It was a resounding NO in November of 2019 when the Loveland City School District (LCSD) placed a 16.6 mill levy on the ballot. Trust & Transparency became the catchwords as those in opposition called for change in the administration and Board of Education. That was then, this is now. Mike Broadwater is in his second year as LCSD Superintendent. Robert Giuffre is serving as treasurer. The five-member board of education has three new members in appointee Kevin Dougherty, and former appointee newly elected Dr. Eric Schwetschenau along with newly elected first time member Jonathan Eilert. Most importantly, this levy placed on the ballot by resolution of the BOE in August of this year is a 4.9 mill levy seeking operating expenses.
VOTE NO signs (three year old signs) with the “Trust” and “Transparency” catch words popped up even before the school board passed the resolution during that August 2nd session.
The campaign, both for and against the levy swung quickly into full gear. The “Citizens for Loveland City Schools” soon had signs of their own popping up all around the community – “Loveland Supports Loveland – Back Our Kids”. Those signs play on emotion. It is a common part of any election or levy campaign across the nation. In the end, the facts are the most important piece of deciding on any candidate or, in this case levy issue. School superintendent Mike Broadwater went out into the community offering “public levy information sessions” on multiple dates in multiple sites.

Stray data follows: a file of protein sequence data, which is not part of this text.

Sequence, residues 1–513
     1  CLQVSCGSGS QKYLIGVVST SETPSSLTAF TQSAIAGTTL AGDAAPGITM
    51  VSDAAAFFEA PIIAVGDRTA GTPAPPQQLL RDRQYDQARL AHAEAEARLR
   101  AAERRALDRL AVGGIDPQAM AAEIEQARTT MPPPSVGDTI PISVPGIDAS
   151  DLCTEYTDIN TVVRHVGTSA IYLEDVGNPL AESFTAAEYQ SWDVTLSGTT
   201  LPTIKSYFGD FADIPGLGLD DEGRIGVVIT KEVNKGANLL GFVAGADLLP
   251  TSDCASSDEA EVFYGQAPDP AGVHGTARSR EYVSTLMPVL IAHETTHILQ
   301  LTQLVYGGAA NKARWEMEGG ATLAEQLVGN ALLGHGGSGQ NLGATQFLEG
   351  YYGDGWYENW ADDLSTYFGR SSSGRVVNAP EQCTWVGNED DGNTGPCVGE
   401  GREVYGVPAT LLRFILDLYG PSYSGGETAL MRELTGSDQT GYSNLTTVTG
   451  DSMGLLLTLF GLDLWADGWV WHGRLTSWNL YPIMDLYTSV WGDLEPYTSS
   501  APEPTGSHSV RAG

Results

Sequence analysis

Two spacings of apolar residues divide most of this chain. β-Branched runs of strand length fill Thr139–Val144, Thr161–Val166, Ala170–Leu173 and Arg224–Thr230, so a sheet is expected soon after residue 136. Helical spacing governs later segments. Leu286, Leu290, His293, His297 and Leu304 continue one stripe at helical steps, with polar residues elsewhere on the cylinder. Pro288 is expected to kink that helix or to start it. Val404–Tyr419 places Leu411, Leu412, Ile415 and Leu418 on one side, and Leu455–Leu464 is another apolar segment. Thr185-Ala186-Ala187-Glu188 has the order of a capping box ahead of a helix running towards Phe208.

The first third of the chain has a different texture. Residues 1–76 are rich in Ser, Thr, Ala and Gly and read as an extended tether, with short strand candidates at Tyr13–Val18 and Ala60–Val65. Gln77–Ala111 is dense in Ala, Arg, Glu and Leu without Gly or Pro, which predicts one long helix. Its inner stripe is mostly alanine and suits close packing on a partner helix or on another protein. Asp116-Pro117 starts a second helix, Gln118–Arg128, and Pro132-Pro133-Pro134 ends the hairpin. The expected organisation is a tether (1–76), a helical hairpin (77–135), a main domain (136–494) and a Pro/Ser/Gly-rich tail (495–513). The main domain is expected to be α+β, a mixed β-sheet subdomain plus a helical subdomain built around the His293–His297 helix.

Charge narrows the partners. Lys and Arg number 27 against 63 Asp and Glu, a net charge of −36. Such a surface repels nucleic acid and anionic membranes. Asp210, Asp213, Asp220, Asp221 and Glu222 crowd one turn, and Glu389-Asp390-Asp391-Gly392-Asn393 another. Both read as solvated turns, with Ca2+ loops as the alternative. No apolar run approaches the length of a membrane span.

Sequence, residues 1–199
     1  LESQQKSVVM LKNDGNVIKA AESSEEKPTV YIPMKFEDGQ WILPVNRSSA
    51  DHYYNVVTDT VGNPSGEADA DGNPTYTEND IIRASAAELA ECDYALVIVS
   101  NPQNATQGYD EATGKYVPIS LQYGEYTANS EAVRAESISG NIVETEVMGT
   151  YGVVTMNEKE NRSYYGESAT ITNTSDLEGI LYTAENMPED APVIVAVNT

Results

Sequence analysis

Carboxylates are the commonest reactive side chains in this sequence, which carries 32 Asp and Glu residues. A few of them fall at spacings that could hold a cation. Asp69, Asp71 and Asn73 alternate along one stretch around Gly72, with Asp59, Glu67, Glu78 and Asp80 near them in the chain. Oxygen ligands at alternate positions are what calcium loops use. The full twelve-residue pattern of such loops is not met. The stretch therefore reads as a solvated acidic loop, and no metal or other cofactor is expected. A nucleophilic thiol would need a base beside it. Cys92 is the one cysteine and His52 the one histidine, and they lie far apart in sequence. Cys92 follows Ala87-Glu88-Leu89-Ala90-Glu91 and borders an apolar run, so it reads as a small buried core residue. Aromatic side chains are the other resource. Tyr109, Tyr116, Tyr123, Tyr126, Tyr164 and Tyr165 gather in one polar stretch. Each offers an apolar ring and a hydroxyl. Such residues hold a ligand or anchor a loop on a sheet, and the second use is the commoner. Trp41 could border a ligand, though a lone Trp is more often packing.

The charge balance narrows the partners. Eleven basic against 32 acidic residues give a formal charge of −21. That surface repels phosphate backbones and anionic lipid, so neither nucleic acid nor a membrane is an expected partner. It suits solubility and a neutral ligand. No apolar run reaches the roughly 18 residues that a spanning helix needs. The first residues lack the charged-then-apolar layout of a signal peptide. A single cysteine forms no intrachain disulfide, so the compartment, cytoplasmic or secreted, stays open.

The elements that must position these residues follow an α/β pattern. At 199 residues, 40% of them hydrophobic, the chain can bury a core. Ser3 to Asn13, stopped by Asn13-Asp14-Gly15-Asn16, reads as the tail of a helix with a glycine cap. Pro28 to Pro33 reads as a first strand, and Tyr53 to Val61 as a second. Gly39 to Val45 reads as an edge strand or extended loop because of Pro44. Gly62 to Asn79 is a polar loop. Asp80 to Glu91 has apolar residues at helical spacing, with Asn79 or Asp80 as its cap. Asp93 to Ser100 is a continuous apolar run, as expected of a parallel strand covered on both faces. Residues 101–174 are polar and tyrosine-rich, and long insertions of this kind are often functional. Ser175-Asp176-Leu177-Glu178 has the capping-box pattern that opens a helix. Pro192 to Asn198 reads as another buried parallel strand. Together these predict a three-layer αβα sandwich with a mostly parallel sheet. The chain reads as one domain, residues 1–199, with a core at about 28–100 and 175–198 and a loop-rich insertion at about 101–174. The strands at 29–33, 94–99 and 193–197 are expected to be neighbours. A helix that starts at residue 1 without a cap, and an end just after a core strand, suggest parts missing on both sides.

A “Levy Information” page was set up on the Loveland Schools website providing as much information as anyone cared to learn about the What, Why and How of the levy. Social Media sites from both sides of the issue buzzed with questions, comments and campaign rhetoric.
So, here we are just a weekend away from Election Day, decision day, even if some have already taken advantage of their early voting option. The question remains Yes or No on Issue 4, but a lot has been said by both sides. Here’s a look at what the community has been asking about the levy, and the LCSD response to those questions posed in many public sessions, email requests and even personal calls/meetings with Superintendent Mike Broadwater.
Some facts about the levy from LCSD:
- The 4.9 mill levy is being requested to maintain current education programs, fund high school busing and to meet staffing needs.
- If passed, the levy would cost $14 per month per $100K in home value NOTE: $42 per month or $500 additional tax per year on a $300,000 home.
- No school levy has been passed for LCSD in 8 years (since 2014)
“We’re trying to maintain, not add bells and whistles. This would maintain current programs and staff.” – Mike Broadwater, Superintendent Loveland City School District
These are programs and staff that have worked hard to achieve a Loveland City Schools ranking in the top 12 Best in State for academic performance. Broadwater’s 36 years in education attest to his commitment to doing what is best for the education of the kids. The report card on LCSD says Loveland is doing very well educating their students. No one seems to question that.
“I never hear criticism of our main business, taking care of the kids,” Broadwater said. “Our product is good. We had a perfect report card.”